Infidelity is not necessarily about sex, but about secrets and the violation of trust. In this workshop, Dr. Spring will map out the trauma of an affair (or other intimate wounds) and help partners think through whether or not, and how to reconcile.
This workshop introduces participants to the fundamentals of Relational Recovery Therapy, a new approach to couples therapy. The workshop follows the phases for treatment: empowering the woman; connecting the man; relational "diagnosis"; prerequisites for intimacy; describing a new vision of love; learning relational skills; amplifying progress; building a relational sub-culture. This workshop will look closely at the art of therapeutic truth telling.
Forgiveness has been held up as the gold standard of recovery from intimate wounds. Often people find forgiveness too generous, particularly when the offender is unrepentant. Dr. Spring proposes a bold, new healing alternative that lets us make peace with the past- with or without forgiving.
Couples notoriously have the same fight for 40 years. They're not speaking to each other, but to each other's core negative image. This workshop teaches participants to identify and share each partner's CNI of the other, how these CNis interact to produce vicious circles and how to break the pattern.
The new brain science explains many of the mysteries of love and offers new hopes for troubled relationships. Neuro-scientific approaches are used to address the most common reason cited for divorce, i.e. growing apart. Three clinical techniques will be presented which are specifically designed to create an intimate bond between two people and pave the way to grow together instead of apart. Lecture, video, handouts and experiential exercises will be used.
Anthropologist Helen Fisher discusses the brain networks associated with romantic love to explain frustration attraction, abandonment, rage, the despair response, love, addiction, stalking, love, suicide and other phenomena associated with romantic rejection. She concludes that long term use of serotonin-enhancing antidepressants can jeopardize romantic love and attachment to a mate.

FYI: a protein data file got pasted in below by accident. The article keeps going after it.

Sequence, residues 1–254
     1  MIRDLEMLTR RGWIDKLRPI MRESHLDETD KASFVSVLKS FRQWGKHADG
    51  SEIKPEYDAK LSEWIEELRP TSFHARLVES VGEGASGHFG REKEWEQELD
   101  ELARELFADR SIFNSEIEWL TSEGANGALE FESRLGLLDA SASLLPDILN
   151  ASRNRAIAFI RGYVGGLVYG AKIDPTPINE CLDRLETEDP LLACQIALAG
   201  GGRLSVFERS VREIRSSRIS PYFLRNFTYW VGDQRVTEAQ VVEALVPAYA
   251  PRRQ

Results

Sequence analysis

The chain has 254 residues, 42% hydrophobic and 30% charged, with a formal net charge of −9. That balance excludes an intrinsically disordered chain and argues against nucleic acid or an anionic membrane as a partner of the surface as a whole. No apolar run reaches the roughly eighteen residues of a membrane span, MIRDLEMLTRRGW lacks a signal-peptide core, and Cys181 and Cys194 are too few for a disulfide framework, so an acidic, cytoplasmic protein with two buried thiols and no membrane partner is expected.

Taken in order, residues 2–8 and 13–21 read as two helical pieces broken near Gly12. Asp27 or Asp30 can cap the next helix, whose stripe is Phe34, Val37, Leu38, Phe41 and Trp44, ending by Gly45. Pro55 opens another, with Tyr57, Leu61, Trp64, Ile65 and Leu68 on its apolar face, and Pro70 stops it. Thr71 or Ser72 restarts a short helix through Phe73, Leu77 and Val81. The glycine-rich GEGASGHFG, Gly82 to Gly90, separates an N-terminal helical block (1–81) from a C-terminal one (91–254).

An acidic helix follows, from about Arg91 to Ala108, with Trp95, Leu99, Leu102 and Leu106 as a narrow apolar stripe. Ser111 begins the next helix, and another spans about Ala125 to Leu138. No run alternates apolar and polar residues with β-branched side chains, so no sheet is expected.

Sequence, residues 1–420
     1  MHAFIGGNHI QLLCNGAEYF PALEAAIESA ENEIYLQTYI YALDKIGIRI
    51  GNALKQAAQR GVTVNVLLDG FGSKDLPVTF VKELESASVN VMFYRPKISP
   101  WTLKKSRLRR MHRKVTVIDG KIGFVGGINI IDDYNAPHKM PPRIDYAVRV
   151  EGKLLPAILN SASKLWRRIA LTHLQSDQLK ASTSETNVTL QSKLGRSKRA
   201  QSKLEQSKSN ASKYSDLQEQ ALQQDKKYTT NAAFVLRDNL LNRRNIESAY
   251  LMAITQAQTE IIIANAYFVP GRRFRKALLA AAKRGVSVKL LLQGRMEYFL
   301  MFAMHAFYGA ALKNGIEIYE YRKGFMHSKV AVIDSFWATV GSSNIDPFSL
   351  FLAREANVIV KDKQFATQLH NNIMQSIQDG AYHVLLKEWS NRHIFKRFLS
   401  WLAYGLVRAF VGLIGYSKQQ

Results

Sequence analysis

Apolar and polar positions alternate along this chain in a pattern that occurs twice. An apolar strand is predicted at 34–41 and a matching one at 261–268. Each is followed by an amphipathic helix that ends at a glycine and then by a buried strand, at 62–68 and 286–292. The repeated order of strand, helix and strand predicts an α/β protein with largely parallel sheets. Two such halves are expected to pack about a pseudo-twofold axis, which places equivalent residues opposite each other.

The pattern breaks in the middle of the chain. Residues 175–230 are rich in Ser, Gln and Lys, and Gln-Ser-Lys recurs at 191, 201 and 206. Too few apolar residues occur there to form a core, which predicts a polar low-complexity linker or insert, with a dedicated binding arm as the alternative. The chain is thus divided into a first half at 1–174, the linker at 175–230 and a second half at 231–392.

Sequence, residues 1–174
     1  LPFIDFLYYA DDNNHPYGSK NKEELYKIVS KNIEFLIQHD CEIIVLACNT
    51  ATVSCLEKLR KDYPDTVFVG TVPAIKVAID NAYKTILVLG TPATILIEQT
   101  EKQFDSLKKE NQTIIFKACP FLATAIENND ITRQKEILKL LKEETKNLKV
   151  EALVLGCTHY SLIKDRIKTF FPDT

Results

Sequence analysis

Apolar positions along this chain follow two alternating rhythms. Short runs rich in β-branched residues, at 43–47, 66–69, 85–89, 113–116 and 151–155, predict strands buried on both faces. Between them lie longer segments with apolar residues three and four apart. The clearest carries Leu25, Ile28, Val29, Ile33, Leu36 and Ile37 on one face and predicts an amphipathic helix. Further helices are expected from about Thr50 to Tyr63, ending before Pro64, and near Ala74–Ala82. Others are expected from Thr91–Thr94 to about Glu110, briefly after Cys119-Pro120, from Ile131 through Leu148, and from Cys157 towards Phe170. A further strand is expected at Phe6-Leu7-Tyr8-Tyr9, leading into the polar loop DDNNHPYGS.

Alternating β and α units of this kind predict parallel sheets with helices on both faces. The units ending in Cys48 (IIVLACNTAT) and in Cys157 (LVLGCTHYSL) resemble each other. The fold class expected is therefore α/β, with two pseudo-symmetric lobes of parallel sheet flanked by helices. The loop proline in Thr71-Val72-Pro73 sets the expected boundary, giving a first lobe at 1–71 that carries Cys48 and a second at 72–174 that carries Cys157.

Difficult couples challenge therapists with their aggressive interactions, their demands for intimacy and their high levels of sensitivity to any confrontation. Dr. Bader will demonstrate how to start and sustain positive momentum with these high distress couples. Participants will discover how to create a context for change that uses four pillars to anchor all sessions. Participants will learn to make strong confrontations, take a firm leadership role and more smoothly interweave intra-psychic and systemic interventions. Video, role-play and clinical transcripts will all be used to demonstrate these principles.
Therapists sometimes get stuck trying to change a couple's interactional patterns without understanding the underlying belief systems that maintain the patterns. By zeroing in on the core beliefs and expectations of each partner, the therapist is able to address multiple levels of experience and help the couple change pivotal aspects of their relationship in a short period of time. Conflicting beliefs around money, sex, power, gender, responsibility and intimacy will be examined within this therapeutic framework.